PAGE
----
Published on 10th February 2021
Kevin Kastning / Sándor Szabó / Balázs Major – Ethereal IV
I have to admit that prior to clapping ears on this recent release I was unfamiliar with the name Kevin Kastning. Quite how I’d not come across such a talented and progressive guitarist before is a mystery, but I’m glad to have righted that wrong. When I say he’s a progressive guitarist, I mean that in the sense of pushing the boundaries of what the instrument can achieve, and the sound palette available. The sounds on this album are extraordinary, and quite unlike anything I’ve heard before. The music seems to have no genre to define it, and possesses an ethnicity which is hard to pin down. It could, I suppose, be classed as World Music, but is it this world one wonders?
When we dig beneath the music, and explore the way in which this recording and the instruments involved came together, the album seems more unlikely still. For a start, the music was recorded in a single afternoon. Not a day, an afternoon. It was recorded live with no overdubs. Not only that, but this extraordinary trio recorded another album’s worth of material that same afternoon, music yet to see the light of day. Why didn’t they start in the morning and give themselves a bit more time? They did, and recorded another album, Kismaros, released in 2019. The fact that Kastning and Szabó had only finished their European tour the day before is a minor point!
So what makes this set sound so special? It’s a combination of factors. The concert hall they recorded in, the Kismarosi Muvelodesi Haz Concert Hall in Kismaros, Hungary, has amazing acoustics, giving the music a beautiful other-worldly ambience. There is no audience, just the trio and the recording engineer (and guitarist in his own right), Roland Heidrich, who clearly knows how to set up the musicians to capture the music perfectly.
Alongside Kastning, Sandor Szabó plays baritone electric guitar (not his usual instrument, as he tends to play acoustic guitars generally), and his plaintive phrasing and colour brings Kastning’s compositions to life. Adding organic texture and depth is Balázs Major, who provides an assortment of percussive sounds and form, adding further shape to the music. Kastning himself plays an instrument he envisaged some years ago, a twin necked 30-string Contra-Alto guitar. He designed the theoretical possibility of such an instrument, but it wasn’t until he hooked up with Alistair Hay at Emerald Guitars in Ireland that it eventually became a reality. The full story of this beast’s creation is on Kastning’s website, but suffice to say, it is a miracle of guitar building and vision. The sounds possible from an 18-string contra combined with a 12-string alto guitar are hugely varied. At times the sounds are more akin to a harpsichord than a guitar, the similarity is remarkable.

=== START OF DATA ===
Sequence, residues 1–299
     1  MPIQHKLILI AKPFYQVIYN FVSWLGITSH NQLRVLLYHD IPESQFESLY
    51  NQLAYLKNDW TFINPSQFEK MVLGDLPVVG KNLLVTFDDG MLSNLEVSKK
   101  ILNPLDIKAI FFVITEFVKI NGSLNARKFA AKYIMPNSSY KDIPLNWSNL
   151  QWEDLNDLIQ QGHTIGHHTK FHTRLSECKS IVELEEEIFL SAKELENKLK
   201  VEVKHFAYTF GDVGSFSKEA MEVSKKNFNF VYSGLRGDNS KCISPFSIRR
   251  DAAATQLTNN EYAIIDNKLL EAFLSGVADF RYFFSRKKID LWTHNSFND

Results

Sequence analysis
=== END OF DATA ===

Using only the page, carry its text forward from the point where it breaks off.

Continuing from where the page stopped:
The six tracks, or “occurrences”, are deceptively intricate and detailed. To what degree they are composed, as opposed to improvised, is unclear to me, but they seem to evolve naturally and elegantly from tentative brush strokes into fully-formed works of art. It is like some strange hibernating animal being coaxed back to life by the breath of the wind and the warmth of the sun. Szabó provides baritone guitar sounds which could have been born in distant space, or emanated from the deepest ocean trench, while Major taps and scrapes, pulses and beats like a heart, adding to the impression that this music is truly alive. The 30-string often sounds like more than one instrument, so the concept of the trio is stretched beyond its usual scope, and the abstract nature of the music adds a further layer of mystery. Kastning’s vision and experimentation knows no bounds, as he lovingly coaxes a waterfall of melodic explorations from the instrument he created. The overall sum of these parts is a listening experience quite out of the ordinary, and extremely adventurous. I see that ‘ethereal’ is defined as ‘extremely delicate and light in a way that seems not to be of this world’, and so I have to conclude that this album (or series of albums) are well named, and I have no hesitation in recommending this album as a truly rewarding listening experience.
01. First Occurrence (8:36)
02. Second Occurrence (9:34)
03. Third Occurrence (9:33)
04. Fourth Occurrence (7:16)
05. Fifth Occurrence (7:28)
06. Sixth Occurrence (5:20)
Total Time – 47:47
Kevin Kastning – 30-String Contra-Alto Guitar
Sándor Szabó – Baritone Electric Guitars, Live Processing
Balázs Major – Percussion
Record Label: Greydisc Records
Recorded Live with No Overdubs at Kismarosi Muvelodési Ház Concert Hall, Kismaros, Hungary, 15th May 2018
Countries of Origin: Multi-national
Date of Release: 5th January 2021